To kick off Respect Week, the Dream Team brought in Dr. Matt Bellace, acomedian, professional speaker and psychologist, to speak to the student body in order to help raise awareness about respect.
Since 1995, Bellace has spoken nationally and internationally to over one million people. Bellace’s main message is that young people need to feel empowered in their schools and communities, according to mattbellace.com. He believes that it is not enough to ask people to stay away from drugs and alcohol, but to show them there are positive things they can do for themselves and others, according to mattbellace.com.
Dream Team member Matt Friedman said: “We heard Matt Bellace speak at a conference a couple years ago in south Jersey, and he was incredible. The way he used humor to promote being yourself was awesome, and we knew the high school community would benefit from his ideology.”
Bellace presented during periods 5, 7 and 9 and discussed many topics, but mainly focused on the overall well-being of individuals. He also talked about stress-relieving techniques that all students could find helpful, not just in high school, but throughout their lives.
Environmental Science Teacher Ms. Judith McLoughlin attended the assembly. She said: “It helped raise awareness about how vulnerable teens are to negative comments made about each other and how adversity can be channeled into positive pathways.”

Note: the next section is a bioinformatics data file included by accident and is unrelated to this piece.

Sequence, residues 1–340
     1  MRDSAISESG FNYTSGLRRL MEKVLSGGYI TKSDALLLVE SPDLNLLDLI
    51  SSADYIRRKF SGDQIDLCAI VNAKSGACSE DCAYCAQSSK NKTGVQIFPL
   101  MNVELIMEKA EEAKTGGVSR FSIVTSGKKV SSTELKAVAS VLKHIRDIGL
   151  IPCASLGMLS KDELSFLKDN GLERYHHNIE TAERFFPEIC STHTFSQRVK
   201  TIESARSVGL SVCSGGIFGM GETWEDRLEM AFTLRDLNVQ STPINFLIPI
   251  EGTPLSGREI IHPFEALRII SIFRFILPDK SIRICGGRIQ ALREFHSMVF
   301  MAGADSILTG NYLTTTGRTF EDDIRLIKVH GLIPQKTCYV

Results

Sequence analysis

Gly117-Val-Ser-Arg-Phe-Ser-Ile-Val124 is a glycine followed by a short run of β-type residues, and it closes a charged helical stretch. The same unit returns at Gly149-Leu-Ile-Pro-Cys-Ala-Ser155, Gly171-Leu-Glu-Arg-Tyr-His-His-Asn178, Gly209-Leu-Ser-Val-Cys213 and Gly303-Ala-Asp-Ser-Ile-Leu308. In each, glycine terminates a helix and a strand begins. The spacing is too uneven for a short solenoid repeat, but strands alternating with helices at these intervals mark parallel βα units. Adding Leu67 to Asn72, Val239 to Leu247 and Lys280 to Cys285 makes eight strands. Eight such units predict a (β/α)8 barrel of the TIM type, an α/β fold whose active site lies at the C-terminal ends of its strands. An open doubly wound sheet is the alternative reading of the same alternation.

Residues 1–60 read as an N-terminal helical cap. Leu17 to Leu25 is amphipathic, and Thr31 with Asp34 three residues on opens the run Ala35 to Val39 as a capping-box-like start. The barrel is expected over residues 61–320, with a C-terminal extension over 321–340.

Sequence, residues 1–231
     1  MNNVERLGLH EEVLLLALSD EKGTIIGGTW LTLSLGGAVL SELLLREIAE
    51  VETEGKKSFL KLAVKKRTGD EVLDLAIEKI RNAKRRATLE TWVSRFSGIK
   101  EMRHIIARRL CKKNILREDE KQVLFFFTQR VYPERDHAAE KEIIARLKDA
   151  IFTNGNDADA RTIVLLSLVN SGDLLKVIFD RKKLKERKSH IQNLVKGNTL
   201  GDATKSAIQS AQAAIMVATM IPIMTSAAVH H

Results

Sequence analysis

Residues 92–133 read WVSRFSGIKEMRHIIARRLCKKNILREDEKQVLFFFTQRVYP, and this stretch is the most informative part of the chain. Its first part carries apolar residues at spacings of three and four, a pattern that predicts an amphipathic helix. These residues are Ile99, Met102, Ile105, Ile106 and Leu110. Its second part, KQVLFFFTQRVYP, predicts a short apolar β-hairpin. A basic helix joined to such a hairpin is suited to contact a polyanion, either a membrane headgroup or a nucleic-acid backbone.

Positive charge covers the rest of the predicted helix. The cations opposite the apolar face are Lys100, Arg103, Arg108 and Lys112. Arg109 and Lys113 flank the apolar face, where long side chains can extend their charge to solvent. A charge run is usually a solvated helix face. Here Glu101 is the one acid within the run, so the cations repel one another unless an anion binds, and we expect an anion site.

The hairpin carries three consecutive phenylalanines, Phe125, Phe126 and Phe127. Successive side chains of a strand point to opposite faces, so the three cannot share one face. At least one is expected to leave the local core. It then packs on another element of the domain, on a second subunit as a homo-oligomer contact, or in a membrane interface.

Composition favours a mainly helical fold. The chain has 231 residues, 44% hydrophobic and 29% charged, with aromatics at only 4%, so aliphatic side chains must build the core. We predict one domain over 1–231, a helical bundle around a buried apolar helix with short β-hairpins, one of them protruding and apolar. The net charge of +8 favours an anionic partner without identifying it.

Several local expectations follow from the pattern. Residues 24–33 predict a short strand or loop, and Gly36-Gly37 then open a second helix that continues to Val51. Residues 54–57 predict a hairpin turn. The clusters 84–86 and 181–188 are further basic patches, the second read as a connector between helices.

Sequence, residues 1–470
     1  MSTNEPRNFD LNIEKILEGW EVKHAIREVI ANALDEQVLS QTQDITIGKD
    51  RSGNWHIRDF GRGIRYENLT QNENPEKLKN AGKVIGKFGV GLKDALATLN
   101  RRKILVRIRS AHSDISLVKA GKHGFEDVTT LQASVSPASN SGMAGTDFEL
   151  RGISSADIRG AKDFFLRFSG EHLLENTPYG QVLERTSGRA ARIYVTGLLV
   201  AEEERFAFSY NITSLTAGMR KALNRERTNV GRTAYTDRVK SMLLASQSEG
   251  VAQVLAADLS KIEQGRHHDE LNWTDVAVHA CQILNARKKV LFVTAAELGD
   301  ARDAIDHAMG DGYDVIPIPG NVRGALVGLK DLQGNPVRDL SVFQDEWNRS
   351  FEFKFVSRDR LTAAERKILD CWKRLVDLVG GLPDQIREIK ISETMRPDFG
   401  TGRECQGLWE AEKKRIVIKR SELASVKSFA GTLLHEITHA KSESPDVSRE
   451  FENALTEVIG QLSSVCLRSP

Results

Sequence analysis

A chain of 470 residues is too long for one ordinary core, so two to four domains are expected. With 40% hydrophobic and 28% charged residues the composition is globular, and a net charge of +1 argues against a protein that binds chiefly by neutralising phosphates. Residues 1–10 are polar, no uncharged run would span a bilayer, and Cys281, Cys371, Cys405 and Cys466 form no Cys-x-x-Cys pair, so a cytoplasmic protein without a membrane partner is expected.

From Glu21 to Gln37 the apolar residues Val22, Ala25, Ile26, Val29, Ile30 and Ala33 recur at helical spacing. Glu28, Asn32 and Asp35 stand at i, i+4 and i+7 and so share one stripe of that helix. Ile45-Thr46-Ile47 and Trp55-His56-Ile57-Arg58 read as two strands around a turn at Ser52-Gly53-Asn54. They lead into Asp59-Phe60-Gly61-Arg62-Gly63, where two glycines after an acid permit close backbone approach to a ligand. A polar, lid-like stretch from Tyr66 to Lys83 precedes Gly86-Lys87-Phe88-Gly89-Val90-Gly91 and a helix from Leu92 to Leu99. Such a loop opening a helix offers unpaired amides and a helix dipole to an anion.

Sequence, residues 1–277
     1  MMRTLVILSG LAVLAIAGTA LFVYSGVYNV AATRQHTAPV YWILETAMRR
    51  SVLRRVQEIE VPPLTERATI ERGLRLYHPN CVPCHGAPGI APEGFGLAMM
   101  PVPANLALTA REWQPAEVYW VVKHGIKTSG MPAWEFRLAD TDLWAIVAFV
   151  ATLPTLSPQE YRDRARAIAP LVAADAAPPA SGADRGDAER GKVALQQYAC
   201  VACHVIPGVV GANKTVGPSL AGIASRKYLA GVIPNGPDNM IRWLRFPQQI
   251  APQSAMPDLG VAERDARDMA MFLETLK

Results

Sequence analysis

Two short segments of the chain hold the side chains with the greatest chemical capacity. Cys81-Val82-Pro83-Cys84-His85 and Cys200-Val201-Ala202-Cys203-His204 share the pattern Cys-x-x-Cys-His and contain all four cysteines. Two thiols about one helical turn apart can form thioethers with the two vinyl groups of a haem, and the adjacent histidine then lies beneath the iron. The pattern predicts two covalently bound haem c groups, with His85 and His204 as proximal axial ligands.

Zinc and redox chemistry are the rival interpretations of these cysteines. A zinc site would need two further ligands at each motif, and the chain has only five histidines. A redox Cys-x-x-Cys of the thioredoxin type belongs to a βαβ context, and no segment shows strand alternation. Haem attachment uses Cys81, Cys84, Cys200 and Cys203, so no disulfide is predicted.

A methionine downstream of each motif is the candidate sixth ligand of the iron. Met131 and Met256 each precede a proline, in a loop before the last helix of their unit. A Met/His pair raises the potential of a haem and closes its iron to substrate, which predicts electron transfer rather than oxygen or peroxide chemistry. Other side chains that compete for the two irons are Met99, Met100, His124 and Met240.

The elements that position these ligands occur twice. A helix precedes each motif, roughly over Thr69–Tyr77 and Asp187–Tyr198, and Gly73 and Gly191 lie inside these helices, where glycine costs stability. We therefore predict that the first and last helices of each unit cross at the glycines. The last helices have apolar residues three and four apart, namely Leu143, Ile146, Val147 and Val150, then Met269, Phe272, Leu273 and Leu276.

Bellace also encouraged everyone to lean on positive people for support and to always express emotions in an optimistic way.
Said McLoughlin: “Having someone more experienced to go to, not a peer, is often the key to successful handling of problems in a healthy manner. I think this assembly helped people to realize they are not alone in their feelings, and having someone to talk to is vital.”
Another main concept Bellace focused on was achieving the “natural highs” in life. These “natural highs” consisted of loving, exercising and laughing.
Toward the end of the assembly, Bellace called four people to go outside and discuss what their natural highs were. When they came back they lined up back on the stage and he tried to guess each of their natural highs, sprinkling jokes in with his questions.
Senior Stephen Husch was one of the four selected for the activity. He said: “My natural high was swimming and he was able to guess it correctly after a few tries. Overall, I thought that the exercise was very effective, and it gave everyone something to laugh about, which is one of the main natural highs.”
Bellace’s presentation was just one Respect Week event out of many at WHS. In addition, teachers statewide presented lessons on the topic of respect.
Said Friedman: “I think that in the end, Respect Week was a huge success, and through the entire school’s cooperation, we promoted the idea of being yourself, and living life happily without the influence of drugs and alcohol.”